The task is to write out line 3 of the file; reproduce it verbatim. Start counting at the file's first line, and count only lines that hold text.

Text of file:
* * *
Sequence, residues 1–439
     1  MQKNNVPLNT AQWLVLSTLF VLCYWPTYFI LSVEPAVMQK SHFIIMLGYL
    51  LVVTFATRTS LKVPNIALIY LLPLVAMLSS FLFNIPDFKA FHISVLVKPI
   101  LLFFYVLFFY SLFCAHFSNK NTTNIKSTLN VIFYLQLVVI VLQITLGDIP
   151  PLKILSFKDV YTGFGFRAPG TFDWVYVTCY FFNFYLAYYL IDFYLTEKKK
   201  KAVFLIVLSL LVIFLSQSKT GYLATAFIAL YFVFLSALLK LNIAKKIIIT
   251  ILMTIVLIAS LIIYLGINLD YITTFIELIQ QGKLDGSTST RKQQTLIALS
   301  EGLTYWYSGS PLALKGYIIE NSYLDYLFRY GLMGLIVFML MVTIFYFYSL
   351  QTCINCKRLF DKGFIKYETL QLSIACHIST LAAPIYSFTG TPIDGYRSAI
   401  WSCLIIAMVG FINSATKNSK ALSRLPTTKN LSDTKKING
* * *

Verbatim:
    51  LVVTFATRTS LKVPNIALIY LLPLVAMLSS FLFNIPDFKA FHISVLVKPI